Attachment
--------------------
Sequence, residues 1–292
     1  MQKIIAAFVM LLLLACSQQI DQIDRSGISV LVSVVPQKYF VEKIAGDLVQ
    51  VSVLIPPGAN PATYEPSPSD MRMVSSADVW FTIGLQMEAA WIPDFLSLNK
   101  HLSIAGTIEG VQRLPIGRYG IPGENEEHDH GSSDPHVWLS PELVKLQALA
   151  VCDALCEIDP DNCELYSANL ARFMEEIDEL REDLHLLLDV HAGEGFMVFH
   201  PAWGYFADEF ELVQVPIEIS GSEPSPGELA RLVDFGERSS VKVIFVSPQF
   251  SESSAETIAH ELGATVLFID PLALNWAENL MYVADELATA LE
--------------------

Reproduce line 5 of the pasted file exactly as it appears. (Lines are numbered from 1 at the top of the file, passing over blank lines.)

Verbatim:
   151  VCDALCEIDP DNCELYSANL ARFMEEIDEL REDLHLLLDV HAGEGFMVFH